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Working smart: NIOSH develops technology and products that address exposure to noise at the work site.
Water Well J 2007 Dec; 61(12):16-17
Noise-induced hearing loss continues to be a problem in the well drilling industry. Research conducted by NIOSH found that air rotary drill rigs produce sound levels more than 90 dB(A) over the course of an eight-hour workday. Sounds levels above 90 dB(A), identified during hammer drilling and the hammering of casing, exposes workers to levels that can damage hearing. A typical air rotary drill rig provides no barrier, for noise and dust protection, between the drill's control panel and the drill stem.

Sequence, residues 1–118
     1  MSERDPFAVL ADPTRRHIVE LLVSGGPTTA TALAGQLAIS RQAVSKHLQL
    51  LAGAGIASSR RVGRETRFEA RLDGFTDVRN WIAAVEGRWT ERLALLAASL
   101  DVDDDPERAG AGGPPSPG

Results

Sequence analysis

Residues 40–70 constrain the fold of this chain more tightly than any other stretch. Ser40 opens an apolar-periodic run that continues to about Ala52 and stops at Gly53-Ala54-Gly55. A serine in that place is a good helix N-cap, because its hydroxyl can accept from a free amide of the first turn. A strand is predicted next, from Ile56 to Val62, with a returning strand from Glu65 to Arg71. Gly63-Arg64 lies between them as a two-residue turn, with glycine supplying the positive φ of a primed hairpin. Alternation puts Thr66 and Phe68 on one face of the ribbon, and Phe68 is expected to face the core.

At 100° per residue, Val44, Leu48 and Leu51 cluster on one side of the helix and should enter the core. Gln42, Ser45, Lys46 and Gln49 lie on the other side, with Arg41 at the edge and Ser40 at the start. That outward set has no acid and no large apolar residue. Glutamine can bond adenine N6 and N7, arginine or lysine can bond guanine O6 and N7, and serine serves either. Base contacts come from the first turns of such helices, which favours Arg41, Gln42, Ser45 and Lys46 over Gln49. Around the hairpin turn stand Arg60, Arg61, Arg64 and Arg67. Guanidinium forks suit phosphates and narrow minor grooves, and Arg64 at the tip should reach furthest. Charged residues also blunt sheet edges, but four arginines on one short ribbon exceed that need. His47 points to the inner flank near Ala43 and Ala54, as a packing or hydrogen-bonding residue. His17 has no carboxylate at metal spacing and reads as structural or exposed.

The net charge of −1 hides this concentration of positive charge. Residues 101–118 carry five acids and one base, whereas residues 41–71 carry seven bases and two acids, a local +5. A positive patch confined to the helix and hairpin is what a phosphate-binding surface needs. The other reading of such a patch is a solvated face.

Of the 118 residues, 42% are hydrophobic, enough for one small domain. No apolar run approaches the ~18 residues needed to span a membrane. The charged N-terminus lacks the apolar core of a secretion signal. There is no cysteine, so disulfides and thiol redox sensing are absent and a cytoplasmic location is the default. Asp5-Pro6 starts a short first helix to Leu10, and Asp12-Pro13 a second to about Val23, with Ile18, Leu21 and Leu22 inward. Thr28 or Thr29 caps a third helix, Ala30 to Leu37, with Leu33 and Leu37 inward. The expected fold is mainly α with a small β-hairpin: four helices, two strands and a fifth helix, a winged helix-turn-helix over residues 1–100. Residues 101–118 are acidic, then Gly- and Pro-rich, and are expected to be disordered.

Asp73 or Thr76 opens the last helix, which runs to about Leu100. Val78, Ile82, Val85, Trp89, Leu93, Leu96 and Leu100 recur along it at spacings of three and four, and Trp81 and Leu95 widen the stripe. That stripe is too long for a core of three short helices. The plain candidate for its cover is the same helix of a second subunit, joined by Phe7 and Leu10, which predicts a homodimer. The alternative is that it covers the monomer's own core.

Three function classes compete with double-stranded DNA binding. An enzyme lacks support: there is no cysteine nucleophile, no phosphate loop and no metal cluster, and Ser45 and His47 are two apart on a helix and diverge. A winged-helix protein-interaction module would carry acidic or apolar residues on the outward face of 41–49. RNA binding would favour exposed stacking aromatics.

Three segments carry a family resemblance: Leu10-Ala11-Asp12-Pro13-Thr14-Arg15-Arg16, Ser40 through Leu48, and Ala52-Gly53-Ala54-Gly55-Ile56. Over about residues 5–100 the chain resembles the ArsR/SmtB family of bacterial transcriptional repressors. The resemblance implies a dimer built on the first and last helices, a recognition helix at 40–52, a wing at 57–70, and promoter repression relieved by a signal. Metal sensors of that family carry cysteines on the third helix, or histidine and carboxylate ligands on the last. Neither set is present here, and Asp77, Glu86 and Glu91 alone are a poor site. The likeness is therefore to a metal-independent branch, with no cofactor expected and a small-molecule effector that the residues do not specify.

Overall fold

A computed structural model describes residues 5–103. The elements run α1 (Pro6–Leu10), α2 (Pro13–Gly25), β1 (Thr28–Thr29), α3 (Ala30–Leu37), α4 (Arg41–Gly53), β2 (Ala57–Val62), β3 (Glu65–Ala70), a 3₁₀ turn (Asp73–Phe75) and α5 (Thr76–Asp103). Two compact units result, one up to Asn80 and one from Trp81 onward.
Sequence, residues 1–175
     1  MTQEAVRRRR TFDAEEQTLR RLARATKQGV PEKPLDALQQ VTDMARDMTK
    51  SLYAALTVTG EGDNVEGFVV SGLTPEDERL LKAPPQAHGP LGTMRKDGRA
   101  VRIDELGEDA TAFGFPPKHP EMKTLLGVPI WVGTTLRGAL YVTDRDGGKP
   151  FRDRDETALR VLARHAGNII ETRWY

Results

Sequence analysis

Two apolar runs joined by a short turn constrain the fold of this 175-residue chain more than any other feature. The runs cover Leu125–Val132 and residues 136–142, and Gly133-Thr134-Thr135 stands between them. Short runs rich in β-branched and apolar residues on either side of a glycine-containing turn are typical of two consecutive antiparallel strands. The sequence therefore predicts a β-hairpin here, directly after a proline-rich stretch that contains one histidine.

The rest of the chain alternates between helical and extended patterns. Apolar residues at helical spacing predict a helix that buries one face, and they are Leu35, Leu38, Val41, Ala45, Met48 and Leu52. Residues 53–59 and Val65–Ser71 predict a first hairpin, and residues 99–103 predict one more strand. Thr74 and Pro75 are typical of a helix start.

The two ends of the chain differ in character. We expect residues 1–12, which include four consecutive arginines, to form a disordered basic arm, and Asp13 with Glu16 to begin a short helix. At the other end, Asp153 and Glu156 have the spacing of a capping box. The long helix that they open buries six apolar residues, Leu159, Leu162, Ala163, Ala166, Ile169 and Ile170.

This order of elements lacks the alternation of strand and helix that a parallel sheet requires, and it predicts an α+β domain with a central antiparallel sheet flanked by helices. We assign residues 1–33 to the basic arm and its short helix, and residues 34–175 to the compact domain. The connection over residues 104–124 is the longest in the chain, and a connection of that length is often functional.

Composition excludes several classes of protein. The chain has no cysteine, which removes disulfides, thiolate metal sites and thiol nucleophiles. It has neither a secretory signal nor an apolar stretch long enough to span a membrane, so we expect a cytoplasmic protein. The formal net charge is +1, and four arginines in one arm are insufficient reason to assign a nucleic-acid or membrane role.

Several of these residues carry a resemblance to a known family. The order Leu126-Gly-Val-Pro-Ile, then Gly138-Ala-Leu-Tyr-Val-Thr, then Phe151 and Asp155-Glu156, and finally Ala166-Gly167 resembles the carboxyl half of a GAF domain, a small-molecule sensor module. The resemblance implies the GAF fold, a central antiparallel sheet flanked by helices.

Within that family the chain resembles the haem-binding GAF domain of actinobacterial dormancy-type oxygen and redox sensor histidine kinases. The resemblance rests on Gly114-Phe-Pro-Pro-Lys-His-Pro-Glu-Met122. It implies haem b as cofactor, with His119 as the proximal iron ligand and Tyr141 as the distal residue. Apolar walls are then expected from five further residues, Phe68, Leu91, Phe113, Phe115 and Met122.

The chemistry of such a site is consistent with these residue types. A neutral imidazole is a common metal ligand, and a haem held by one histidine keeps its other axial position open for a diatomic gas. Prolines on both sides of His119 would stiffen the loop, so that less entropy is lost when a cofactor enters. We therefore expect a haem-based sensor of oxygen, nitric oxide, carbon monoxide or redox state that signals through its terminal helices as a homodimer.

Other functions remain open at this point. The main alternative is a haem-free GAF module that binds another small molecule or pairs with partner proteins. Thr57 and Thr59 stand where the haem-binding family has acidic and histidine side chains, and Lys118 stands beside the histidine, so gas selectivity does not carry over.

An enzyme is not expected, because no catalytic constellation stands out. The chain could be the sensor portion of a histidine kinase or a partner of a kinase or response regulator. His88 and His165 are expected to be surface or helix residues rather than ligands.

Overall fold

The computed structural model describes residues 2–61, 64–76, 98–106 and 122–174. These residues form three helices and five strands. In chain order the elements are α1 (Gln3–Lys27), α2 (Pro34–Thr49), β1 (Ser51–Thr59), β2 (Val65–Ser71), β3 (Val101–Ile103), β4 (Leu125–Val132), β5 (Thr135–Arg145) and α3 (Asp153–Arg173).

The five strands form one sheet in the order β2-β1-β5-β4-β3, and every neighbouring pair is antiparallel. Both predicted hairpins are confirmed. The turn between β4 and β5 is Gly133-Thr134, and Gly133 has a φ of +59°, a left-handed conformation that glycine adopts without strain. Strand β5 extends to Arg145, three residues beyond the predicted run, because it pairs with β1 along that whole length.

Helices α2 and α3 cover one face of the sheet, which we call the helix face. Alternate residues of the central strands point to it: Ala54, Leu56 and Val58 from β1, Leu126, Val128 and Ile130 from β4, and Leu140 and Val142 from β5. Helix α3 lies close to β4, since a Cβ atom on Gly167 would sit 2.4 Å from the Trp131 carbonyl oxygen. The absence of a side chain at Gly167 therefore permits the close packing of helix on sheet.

Noise; Noise-exposure; Mining-industry; Occupational-health; Exposure-assessment; Sound; Mine-workers; Noise-levels; Noise-pollution; Noise-sources; Noise-transmission; Work-environment; Personal-protective-equipment; Protective-equipment; Hearing-loss
NIOSH Pittsburgh Research Laboratory, P.O. Box 18070, Pittsburgh, PA 15236
Journal Article; Trade
Issue of Publication
Water Well Journal
Page last reviewed: September 2, 2020
Content source: National Institute for Occupational Safety and Health Education and Information Division